Also-Ran

In case you haven’t noticed, the indie dramedy formula won’t be going away anytime soon, thanks to movies like Dan.
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Posted October 24, 2007 by Cole Williams in Film

Of all the young, male comedic actors who have recently been in or directed movies that don’t hew to formula, Steve Carell is arguably tops of the class.

Sure, he’s been in some dogs, but he also has indie cred (The 40-Year-Old Virgin, Little Miss Sunshine). Too bad his new film, Dan in Real Life, follows the indie-dramedy recipe to the letter, resulting in a forced, derivative flick. The story follows Dan Burns (Carell), a parental advice columnist. (The movie’s title comes from the name of his column.) His wife died four years earlier, and since then he’s been dealing with his loneliness and trying to raise his daughters by himself. As teenage trouble brews among them and Dan sinks further into depression, he takes them to a family reunion. While out getting newspapers, he meets Marie (Juliette Binoche), and the two connect. Even though she’s already seeing someone else, desperate Dan asks to see her again, if only to talk. She reluctantly agrees, and the two part. But when Dan gets back to the reunion, guess whom younger brother Mitch (Dane Cook) introduces as his date? And from there, the movie goes exactly where you think it will.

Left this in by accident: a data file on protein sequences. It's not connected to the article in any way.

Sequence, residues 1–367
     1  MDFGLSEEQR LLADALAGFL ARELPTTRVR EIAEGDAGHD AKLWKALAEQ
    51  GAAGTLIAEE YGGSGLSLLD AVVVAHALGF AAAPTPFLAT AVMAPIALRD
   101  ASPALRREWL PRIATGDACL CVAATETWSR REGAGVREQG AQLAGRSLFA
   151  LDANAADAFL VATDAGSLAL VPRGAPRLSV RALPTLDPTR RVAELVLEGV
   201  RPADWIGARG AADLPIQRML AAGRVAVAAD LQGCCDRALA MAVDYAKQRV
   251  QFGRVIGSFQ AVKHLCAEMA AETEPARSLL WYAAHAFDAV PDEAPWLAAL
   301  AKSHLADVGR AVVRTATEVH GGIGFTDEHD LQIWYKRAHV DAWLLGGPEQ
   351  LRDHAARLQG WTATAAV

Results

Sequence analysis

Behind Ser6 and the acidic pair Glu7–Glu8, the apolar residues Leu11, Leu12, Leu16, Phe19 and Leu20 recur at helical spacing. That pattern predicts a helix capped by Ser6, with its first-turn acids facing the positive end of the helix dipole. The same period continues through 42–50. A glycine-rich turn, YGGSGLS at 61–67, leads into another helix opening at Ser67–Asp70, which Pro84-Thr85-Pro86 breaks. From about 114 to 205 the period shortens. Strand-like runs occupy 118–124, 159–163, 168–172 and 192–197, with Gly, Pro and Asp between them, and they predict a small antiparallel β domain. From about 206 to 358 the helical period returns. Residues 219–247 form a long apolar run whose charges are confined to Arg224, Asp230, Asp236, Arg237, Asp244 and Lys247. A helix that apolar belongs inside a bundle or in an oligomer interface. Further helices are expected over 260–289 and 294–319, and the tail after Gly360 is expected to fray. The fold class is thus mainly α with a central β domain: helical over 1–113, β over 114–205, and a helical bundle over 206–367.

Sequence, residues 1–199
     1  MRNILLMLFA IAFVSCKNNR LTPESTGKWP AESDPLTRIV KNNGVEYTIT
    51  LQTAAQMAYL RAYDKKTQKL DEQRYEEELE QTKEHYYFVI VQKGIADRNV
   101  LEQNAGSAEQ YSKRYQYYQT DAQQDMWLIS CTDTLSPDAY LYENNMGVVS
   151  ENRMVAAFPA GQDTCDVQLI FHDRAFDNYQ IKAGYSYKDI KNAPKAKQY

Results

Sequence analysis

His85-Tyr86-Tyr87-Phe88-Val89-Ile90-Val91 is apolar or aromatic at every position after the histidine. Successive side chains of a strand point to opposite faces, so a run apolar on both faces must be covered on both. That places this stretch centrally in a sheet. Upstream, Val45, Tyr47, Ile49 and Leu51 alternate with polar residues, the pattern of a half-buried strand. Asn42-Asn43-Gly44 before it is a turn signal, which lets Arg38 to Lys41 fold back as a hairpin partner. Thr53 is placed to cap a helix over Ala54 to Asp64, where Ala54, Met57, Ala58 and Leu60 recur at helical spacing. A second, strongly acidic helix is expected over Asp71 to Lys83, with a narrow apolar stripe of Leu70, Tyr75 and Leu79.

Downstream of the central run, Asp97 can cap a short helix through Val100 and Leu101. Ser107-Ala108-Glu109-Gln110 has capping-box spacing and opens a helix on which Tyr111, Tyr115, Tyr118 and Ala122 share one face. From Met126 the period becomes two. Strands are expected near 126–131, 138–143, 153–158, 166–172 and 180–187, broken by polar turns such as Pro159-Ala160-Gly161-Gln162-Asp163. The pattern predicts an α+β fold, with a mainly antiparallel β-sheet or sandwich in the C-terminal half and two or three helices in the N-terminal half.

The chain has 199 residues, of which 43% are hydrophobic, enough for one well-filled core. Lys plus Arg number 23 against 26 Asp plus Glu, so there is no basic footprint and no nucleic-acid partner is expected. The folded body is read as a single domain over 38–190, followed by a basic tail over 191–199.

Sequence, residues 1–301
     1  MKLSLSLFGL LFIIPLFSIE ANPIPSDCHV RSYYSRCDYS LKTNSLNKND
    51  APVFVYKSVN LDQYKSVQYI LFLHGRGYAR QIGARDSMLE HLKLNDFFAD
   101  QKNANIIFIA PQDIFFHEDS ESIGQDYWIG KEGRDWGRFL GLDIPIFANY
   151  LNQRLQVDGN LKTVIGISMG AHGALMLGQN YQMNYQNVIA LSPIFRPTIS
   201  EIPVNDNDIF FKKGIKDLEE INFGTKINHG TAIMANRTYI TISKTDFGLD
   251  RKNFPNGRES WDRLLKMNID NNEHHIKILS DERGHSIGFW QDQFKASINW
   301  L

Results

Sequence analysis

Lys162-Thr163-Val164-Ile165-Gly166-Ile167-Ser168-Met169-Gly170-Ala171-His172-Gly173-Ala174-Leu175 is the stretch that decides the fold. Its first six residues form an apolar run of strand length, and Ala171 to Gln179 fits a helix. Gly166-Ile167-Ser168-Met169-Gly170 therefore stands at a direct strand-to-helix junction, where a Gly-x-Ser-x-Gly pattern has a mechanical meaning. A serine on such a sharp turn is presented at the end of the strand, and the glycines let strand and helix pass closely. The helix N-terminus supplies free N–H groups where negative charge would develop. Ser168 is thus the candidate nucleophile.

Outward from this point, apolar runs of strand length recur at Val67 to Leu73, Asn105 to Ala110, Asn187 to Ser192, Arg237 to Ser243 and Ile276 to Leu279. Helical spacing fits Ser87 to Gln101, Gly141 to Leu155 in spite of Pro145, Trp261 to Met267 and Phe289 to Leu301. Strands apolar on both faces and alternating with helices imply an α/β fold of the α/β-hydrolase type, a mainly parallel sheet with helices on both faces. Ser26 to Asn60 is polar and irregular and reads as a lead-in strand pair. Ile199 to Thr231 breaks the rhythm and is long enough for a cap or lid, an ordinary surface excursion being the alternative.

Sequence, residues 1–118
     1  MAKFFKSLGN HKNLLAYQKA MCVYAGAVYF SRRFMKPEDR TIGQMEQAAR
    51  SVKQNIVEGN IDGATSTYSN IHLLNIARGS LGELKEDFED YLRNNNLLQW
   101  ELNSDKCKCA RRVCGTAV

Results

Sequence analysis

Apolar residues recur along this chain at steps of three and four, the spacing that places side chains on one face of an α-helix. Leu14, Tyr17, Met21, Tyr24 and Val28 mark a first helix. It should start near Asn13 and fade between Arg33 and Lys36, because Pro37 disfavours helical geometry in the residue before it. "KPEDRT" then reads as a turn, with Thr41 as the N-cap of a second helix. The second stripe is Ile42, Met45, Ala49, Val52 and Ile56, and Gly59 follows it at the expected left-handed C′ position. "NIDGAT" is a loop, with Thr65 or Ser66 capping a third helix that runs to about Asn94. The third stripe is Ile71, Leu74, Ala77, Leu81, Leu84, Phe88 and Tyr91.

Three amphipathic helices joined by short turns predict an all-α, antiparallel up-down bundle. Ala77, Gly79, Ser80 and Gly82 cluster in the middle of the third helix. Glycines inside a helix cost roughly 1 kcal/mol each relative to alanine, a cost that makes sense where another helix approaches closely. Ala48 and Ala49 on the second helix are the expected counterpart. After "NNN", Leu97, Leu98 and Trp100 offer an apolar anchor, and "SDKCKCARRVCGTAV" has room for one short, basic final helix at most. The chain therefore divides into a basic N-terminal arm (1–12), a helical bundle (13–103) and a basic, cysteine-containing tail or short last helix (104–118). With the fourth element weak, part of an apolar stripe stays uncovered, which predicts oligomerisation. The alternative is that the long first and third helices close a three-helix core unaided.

Like a lot of similar indie dramedies, Dan in Real Life is more interested in winning over the hearts and minds of Middle-America ticketbuyers than in giving them a good yarn or providing new, interesting characters. For example, at one point Dan questions his youngest daughter about the sources of her precocious movie-kid sayings; nothing wrong with that, but in the context of a date-movie, it’s just so much pandering, as if the filmmakers are saying to the audience, “We are as bored with innocuous, formulaic flicks as you are!” — when, in fact, they’re not. Not all of Dan is dreadful. The actresses who play Dan’s daughters behave like real-life sisters, their rapport is so natural. The only burp in the ensemble is alleged comedian Cook, who clearly is out of his league.

Carell does the best he can with such light material. There’s nothing to Dan beyond his depression. Even though he’s supposed to be an advice columnist on the verge of national syndication, he never comes across as having any wisdom regarding human interaction — it’s hard to believe that even before his fall into depression he was smart enough to write an advice column. Dan also ignores his daughters and is relentlessly selfish, and the attraction between him and Marie feels mostly one-way. (Obsessive.) The character’s one-dimensionality, combined with the forced feel of the story and the insufferably “hip” acoustic singer-songwriter music on the soundtrack, combine to make Dan in Real Life seem as if it’s just representative of a particular formula: nothing outstanding, but good for date-night.

 Dan in Real Life
Starring Steve Carell, Juliette Binoche, and Dane Cook. Directed by Peter Hedges. Written by Peter Hedges and Pierce Gardner. Rated PG-13.


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